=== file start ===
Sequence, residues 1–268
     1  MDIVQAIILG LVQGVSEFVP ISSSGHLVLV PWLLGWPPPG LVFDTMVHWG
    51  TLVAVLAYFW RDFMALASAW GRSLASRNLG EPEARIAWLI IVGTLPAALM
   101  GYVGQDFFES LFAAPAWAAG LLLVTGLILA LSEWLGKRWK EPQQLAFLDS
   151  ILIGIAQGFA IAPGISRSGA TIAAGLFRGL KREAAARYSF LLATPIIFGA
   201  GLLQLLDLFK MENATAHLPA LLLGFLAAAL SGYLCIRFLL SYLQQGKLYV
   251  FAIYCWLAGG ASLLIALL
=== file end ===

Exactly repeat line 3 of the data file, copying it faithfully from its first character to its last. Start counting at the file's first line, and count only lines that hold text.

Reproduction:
    51  TLVAVLAYFW RDFMALASAW GRSLASRNLG EPEARIAWLI IVGTLPAALM